Please consider the following sample

#include <cstdio>
#include <functional>
#include <memory>
#include <utility>

class PaintDelegate {
        virtual ~PaintDelegate() = default;
        virtual void draw(){}

class PaintDelegateActions {
        PaintDelegateActions(std::function<void()>&& drawAction):draw_(std::move(drawAction)) {}
        void draw() {
        std::function<void()> draw_;

class Renderer {
        Renderer(std::shared_ptr<PaintDelegate> delegate): delegate_(delegate){}
        Renderer(std::unique_ptr<PaintDelegateActions>&& actions): actions_(std::move(actions)){}
        /*  For simplicity just grouped both routes in the same class
            these should be 2 different implementations
        void paint() {
            if(delegate_) {
            if(actions_) {
        std::shared_ptr<PaintDelegate> delegate_;
        std::unique_ptr<PaintDelegateActions> actions_;

class DriverPaintDelegate;

class RenderDriver: public std::enable_shared_from_this<RenderDriver> {
        void render();
        void doPaint();
        std::shared_ptr<DriverPaintDelegate> delegate_;
        std::unique_ptr<Renderer> renderer_;
        std::unique_ptr<Renderer> rendererActions_;

class DriverPaintDelegate: public PaintDelegate {
        void setContext(std::weak_ptr<RenderDriver> context) {
            context_ = context;
        void draw() override {
            if(auto renderer = context_.lock()) {
                std::printf("Trigger paint from delegate\n");
        std::weak_ptr<RenderDriver> context_;

    renderer_(std::make_unique<Renderer>(delegate_)) {}

void RenderDriver::render() {
    /*  Can't pass weak ref in the constructor of RenderDriver
        since weak_from_this isn't useful yet
    rendererActions_ = std::make_unique<Renderer>(
        std::make_unique<PaintDelegateActions>([context = weak_from_this()](){
            if(auto self = context.lock()) {
                std::printf("Trigger paint from actions\n");

    /*  Just to trigger the delegates/actions, in practice these would
        be invoked from within the Renderer class upon some event etc.

void RenderDriver::doPaint() {}

int main() {
    auto driver = std::make_shared<RenderDriver>();
    return 0;

What I intend to demo through this is two ways of implementing delegates, one via an interface (PaintDelegate) and another via actions (PaintDelegateActions). Both achieve the same functionality but in the former route, one needs to

  • Provide a derived implementation of the delegate (DriverPaintDelegate) which is sent to the Renderer class
  • Provide this derived implementation with a context in case the delegate needs to refer to the actual driver class via a weak reference.
  • The driver class needs to store the delegate_.

There are no such considerations to be made for the actions delegate route since the lambda can capture the weak reference to the driver context. But this route has the following considerations:

  • Either the renderer_ needs to be constructed once there's a valid weak reference or the action delegate could be set on the renderer separately after constructing the renderer_.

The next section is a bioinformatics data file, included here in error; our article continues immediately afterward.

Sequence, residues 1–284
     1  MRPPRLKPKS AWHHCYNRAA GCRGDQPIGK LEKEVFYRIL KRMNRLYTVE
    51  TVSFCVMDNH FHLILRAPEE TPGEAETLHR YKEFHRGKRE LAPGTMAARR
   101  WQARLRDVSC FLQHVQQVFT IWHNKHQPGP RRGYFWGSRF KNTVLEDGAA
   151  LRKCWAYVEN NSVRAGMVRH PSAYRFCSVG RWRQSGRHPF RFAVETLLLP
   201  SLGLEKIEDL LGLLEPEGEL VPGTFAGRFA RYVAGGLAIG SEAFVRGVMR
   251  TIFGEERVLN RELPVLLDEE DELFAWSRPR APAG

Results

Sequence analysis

• The driver class doesn't need to store the delegate at its own end

From a scalability perspective, with more delegates to be invoked, the interface route (PaintDelegate) can add more virtual functions but the actions route (PaintDelegateActions) needs to add more std::functions which can make the constructor of PaintDelegateActions as well as the site of the construction of PaintDelegateActions object ugly and unwieldy.

I would like to elicit the views of the experts on when should one opt for these routes or if there is an altogether different recommendation for such delegate pattern implementations.

  • Why not pass the context as a method argument to PaintDelegate.draw? Or pass a weak reference to the driver itself? May 26, 2023 at 12:15
  • I'm getting a little lost int he code example, because it combines the two strategies. Do you intend to support both PaintDelegate and actions in the same class, or are you trying to decide between the two? May 26, 2023 at 12:19
  • @GregBurghardt I am trying to decide between the two. I don't have any intentions of mixing both.
    – Zoso
    May 26, 2023 at 18:04

1 Answer 1


Using a lambda function of type std::function<void()> or an object which is derived from an abstract class with just one virtual function are both semantically equivalent. More general, objects and closures are semantically equivalent, that is a well known fact and true in lots of modern multi paradigm languages which support both, OOP and functional programming. If you search a little in older questions, you find lots of variants of this question asked by people using other languages like Java, C# or Python.

The "OOP" way usually requires a little bit more boilerplate code. On the other hand, it allows to extend the base class / interface by more functions and hence to create a combined abstraction, a.k.a. "strategy pattern". In C++, full functional support (not just "pointers to function", but closures and std::function) was first introduced in C++11, if I remember correctly.

When you can do both, it is often just a matter of taste which one to prefer. I usually use the functional approach when I just need a single function to pass around, with no need to create a special abstraction for it, and refactor to virtual classes in case things get more complex and I see some benefit in having a combined interface.

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